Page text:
I did laugh out loud and possibly may have even done a chicken walk to the sound of Portland’s hottest restaurant, Pok Pok. Having discovered a very decisive and accurate listing of some of America’s best restaurants, Pok Pok had been on my radar and as it so happened that I had a friend who I was visiting in Portland, the opportunity was there for the taking. To bolster this decision, a couple of friendly diners with whom I struck up a foodie rapport at Red Farm in New York further mentioned Pok Pok’s claim to culinary fame as one of America’s finest Asian restaurants. Having won the James Beard Foundation award for Best Chef, Northwest 2011, Andy Ricker’s brand of Northern Thai cuisine has no problems filling the rafters, with people constantly queueing to sample the fare. Luckily, being a table of two not opposed to sitting at the bar, we were let in almost immediately to start our feasting….
It goes without saying that when a restaurant says they don’t take reservations, you need to go early. Or so I thought. Going early just meant that there weren’t that many people standing in line, though on this occasion, I had the game of numbers on my side – I was without company. A lone diner, a solitary companion, who moved past the disgruntled group of 4 who were told to come back in 2 hours and swiftly to a tiny corner of standing space at the bar, feeling smug, hungry and a little bit excited. This was a day of Asian food nirvana, a day when my endorphins and all other feel food factors were firing on all cylinders, but just how good was Red Farm going to be after a lunch at Fatty Crab? Would the food make up for the discomfort of having to stand for the entire meal, staring at a wooden beam, waiters rushing by, occasionally bumping into you.. well, the good thing about Red Farm is that you could have been made to stand and eat with your plate in your hand and your glass balanced precariously on your head, and you’d still run out of the front door shouting at people to queue up as quickly as they could and wait for 4 hours to get a table.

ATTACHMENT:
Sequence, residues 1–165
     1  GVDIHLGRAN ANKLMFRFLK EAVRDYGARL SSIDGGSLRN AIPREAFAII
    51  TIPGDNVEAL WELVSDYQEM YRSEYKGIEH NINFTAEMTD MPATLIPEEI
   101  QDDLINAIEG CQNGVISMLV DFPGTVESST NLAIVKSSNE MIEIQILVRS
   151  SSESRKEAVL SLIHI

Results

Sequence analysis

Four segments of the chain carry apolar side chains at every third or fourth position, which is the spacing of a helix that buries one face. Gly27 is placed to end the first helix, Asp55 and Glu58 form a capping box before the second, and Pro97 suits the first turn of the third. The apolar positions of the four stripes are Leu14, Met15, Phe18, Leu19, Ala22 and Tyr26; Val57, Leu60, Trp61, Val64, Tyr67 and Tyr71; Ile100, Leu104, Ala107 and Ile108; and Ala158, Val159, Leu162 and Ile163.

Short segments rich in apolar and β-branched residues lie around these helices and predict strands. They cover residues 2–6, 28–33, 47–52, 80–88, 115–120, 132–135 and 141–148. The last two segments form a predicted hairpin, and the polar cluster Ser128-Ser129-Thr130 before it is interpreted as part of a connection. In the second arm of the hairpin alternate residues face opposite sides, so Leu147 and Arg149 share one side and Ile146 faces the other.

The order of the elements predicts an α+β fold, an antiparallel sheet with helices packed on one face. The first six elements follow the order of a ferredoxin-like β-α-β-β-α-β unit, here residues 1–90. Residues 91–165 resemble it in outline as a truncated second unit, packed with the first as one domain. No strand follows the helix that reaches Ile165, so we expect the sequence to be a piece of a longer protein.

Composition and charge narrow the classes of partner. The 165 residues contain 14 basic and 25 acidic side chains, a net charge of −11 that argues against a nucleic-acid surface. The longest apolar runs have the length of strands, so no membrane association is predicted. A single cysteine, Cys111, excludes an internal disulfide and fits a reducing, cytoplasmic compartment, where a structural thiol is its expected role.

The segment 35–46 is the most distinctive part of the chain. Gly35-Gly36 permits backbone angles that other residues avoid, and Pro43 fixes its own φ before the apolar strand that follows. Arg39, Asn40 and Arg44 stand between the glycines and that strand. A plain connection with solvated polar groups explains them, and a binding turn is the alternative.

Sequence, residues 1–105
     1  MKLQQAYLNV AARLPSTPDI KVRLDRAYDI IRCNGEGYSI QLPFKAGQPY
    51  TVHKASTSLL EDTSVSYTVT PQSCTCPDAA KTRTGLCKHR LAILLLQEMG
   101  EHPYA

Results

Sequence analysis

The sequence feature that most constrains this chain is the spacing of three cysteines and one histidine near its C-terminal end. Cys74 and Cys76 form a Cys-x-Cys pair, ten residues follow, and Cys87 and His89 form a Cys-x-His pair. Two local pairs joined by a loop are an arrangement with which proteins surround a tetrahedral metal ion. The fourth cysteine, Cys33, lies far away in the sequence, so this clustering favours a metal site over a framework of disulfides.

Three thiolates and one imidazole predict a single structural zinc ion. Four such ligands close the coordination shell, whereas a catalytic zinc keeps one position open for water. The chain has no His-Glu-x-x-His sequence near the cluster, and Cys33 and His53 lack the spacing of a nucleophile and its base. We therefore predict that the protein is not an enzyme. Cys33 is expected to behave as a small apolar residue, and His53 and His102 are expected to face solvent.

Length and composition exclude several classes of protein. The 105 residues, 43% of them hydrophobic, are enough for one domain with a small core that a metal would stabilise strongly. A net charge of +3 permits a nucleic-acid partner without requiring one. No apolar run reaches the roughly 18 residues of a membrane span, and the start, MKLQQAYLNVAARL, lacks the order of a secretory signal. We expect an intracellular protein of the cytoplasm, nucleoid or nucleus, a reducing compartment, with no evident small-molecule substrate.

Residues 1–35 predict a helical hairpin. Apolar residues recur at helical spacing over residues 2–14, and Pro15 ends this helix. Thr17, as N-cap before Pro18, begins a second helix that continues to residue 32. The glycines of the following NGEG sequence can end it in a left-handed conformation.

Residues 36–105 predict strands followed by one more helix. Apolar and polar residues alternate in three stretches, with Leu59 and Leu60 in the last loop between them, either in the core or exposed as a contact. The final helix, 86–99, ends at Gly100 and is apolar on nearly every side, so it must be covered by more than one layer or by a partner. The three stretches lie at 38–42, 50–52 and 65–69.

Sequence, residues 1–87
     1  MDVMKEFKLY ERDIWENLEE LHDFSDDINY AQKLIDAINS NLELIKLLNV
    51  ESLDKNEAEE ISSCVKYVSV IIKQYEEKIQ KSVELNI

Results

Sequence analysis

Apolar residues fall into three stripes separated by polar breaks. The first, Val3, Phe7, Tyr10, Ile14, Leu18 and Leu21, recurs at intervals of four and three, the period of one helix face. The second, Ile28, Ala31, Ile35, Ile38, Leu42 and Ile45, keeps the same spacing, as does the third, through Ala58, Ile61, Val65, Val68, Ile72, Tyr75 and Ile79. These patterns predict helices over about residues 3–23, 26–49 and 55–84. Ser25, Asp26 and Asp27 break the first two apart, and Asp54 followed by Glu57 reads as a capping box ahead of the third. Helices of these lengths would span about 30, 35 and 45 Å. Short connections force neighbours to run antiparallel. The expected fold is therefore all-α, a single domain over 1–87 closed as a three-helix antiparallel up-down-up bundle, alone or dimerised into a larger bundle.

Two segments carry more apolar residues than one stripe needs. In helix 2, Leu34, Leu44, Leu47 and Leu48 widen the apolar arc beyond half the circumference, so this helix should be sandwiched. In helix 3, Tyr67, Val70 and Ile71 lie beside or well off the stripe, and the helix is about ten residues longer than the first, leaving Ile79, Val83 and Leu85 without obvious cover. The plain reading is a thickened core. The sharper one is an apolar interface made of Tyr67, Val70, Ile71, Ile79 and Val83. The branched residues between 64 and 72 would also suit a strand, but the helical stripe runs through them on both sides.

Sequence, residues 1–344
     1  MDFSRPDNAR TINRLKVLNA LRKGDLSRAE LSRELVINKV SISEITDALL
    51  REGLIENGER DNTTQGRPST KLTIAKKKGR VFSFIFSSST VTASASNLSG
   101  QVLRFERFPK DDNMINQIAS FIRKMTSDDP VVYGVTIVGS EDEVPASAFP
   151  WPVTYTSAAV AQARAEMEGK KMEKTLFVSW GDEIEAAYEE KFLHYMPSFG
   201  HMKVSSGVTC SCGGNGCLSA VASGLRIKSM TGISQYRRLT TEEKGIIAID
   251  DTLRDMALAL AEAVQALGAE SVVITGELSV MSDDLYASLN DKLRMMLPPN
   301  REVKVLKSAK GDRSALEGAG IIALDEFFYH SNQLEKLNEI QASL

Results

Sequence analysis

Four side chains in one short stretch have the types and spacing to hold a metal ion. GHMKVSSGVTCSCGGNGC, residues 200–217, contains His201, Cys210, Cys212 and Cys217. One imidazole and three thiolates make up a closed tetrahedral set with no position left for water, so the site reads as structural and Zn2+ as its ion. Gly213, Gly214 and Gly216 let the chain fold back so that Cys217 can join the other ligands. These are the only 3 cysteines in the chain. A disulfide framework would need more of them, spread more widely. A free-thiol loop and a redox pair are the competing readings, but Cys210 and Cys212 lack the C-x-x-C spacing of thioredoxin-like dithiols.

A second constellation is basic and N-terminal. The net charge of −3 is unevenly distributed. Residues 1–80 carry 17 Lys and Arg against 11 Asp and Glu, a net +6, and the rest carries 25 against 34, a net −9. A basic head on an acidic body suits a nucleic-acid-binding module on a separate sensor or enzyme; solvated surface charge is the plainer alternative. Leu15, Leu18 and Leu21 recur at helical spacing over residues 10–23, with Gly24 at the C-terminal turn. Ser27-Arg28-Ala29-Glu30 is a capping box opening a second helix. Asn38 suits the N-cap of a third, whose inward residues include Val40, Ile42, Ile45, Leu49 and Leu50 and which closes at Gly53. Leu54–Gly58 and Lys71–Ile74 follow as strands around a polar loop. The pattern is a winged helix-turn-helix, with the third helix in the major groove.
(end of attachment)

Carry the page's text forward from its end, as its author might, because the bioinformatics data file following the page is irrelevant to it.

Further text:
There’s street food, and then there is street food on steroids! The funny thing about being a foodie is that one always has a complete list of restaurants to eat at whenever we go travelling, leaving little to chance, especially when it’s a good Mecca such as New York. What I was glad for, however, was deciding to leave a few slots open to take up recommendations, and there was one unanimous decision from friends across the board and from different walks of my life. That decision was called Fatty Crab – not a restaurant, judging by its sound, made for the likes of me with crustacean allergies, but I was urged to call upon Shakespeare and look beyond the name. As it turned out, there was a branch of Fatty Crab in West Village, right next to the High Line (a disused elevated railway line, now converted into a public walkway) which I wanted to stroll down and thus a lunch date with a dear friend from college was born.
New York, New York…one only has to mention that name and a smile immediately erupts on everyone’s face and they start waxing lyrical about their love for the Big Apple. No less is everyone’s view that it is truly one of the greatest, if not THE greatest city in the world for food – long gone is Paris’ dominance, for New York is apparently where the most exciting food and surely the most varied food is to be found, so for a first visit, it was only befitting that I spend a fair 2 weeks slowly expanding my waistline, beginning with Southeast Asian fare.